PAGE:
In what a school board attorney acknowledges is an unusual move, a Kentucky school board filed suit in federal court last week against the Kentucky Department of Education in a special education case. The KDE is named as a defendant in the suit filed by the Board of Education of Fayette County, Kentucky under the Individuals With Disabilities Education Act (IDEA). The complaint notes that KDE “is not called upon to answer the substance of the Complaint, but is made a party in order to give full effect to any final order or judgment of this Court and make such order or judgment binding on KDE[.]” The school board is appealing an adverse due process hearing decision by Kentucky’s Exceptional Children Appeals Board (ECAB). The ECAB found that the district denied a student a free and appropriate education during the 2011-12 school year and ordered the school board to provide 540 minutes of compensatory psychological services. Details are not yet available about the grounds for the ECAB’s decision, but are likely to be unsealed soon. The complaint is Board of Education of Fayette County, Kentucky v. Z.B. et al, No. 5:13-cv-00376-KKC (filed Nov. 4, 2013).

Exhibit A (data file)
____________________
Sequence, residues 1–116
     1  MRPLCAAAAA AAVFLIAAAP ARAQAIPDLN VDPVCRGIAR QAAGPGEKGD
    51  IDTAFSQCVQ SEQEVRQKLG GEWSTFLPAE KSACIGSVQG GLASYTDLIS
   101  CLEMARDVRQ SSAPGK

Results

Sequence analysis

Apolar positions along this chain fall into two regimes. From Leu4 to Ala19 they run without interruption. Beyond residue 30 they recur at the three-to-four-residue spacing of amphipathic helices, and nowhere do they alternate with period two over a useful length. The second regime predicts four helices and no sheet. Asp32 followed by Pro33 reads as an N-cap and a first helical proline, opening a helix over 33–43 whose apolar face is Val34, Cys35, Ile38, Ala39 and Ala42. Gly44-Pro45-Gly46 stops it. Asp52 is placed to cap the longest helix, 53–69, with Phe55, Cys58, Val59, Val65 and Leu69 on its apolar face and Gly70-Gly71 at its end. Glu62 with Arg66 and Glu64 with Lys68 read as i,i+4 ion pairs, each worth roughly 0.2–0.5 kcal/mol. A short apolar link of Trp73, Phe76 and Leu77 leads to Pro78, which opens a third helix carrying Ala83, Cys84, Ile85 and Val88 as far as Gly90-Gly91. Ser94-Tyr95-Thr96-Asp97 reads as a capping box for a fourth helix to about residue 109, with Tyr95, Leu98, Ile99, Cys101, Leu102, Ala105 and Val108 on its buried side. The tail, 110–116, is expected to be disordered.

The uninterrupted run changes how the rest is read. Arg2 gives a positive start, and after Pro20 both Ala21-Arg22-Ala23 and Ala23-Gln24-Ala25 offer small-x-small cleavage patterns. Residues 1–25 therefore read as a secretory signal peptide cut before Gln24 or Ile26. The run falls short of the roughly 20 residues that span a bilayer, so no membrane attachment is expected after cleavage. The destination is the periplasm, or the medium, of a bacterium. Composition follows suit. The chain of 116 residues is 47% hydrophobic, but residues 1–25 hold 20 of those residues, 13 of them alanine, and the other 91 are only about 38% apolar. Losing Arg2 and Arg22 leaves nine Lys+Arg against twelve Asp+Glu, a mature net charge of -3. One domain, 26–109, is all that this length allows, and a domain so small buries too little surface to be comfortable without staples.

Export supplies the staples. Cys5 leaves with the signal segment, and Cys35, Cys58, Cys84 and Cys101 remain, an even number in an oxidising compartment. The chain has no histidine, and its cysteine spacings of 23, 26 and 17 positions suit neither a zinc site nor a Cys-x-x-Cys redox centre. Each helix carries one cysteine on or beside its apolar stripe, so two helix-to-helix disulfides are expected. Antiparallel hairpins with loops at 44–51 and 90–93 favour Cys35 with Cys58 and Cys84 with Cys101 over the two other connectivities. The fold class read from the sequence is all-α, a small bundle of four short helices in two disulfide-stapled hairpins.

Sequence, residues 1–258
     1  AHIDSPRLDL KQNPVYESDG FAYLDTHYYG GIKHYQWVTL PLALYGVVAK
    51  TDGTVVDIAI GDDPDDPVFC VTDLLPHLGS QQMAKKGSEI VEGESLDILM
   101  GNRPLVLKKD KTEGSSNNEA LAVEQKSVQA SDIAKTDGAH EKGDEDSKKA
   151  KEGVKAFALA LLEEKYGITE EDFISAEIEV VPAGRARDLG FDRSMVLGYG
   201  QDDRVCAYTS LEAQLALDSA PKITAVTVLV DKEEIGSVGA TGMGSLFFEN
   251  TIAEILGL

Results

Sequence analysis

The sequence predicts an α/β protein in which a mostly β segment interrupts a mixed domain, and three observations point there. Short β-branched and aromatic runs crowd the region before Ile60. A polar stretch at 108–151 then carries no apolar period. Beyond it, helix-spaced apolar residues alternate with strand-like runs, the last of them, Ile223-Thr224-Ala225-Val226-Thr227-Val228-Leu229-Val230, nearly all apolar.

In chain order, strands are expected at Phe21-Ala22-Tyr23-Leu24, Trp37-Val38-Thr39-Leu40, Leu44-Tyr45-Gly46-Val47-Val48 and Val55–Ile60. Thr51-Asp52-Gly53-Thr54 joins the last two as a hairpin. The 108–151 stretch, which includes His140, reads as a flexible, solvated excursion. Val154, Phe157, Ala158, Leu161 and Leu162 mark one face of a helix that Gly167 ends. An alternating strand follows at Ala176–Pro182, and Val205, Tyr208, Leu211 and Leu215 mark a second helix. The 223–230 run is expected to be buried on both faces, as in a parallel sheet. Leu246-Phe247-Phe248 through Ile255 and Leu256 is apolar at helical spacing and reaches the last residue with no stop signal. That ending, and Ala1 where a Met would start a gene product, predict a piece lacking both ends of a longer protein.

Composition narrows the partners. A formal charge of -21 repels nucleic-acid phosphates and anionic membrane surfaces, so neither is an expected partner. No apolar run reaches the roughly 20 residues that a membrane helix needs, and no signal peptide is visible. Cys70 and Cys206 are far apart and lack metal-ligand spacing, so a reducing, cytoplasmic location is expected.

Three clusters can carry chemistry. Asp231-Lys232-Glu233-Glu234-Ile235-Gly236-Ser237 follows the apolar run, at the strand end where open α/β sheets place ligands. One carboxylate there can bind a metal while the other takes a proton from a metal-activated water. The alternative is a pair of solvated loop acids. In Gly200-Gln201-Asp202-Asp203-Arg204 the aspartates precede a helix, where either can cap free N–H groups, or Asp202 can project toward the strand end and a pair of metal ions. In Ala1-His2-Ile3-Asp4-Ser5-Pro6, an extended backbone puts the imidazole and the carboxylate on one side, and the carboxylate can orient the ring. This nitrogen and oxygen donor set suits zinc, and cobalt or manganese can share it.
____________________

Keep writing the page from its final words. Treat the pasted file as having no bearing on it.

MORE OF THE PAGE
Education Week writer Christina A. Samuels asked teachers and education scholars to evaluate states’ plans to align Common Core academic standards with Individualized Education Plans (IEP) for students with disabilities. An emerging theme is that Common Core is prompting educators to reexamine underlying assumptions about acceptable IEP goals. Margaret J. McLaughlin, a professor in the department of special education at the University of Maryland College Park, said that “the reality of standard-based IEPs has not measured up to [the] promise” because teachers have insufficient time to craft IEPs and measure their effectiveness. Diane M. Browder, a professor of special education at the University of North Carolina at Charlotte questions a common IEP emphasis: that special education students show master life skills before academic subjects. Professor Browder said that such IEP life skills goals can impose a double standard—reading instruction, for example, is not delayed for general education students to learn life skills but academic instruction can be stayed for special education students. Prof. Browder said, "Why would we take a whole class of citizens and say you don't get to learn the standards that we say are most important for everyone?" Read more here.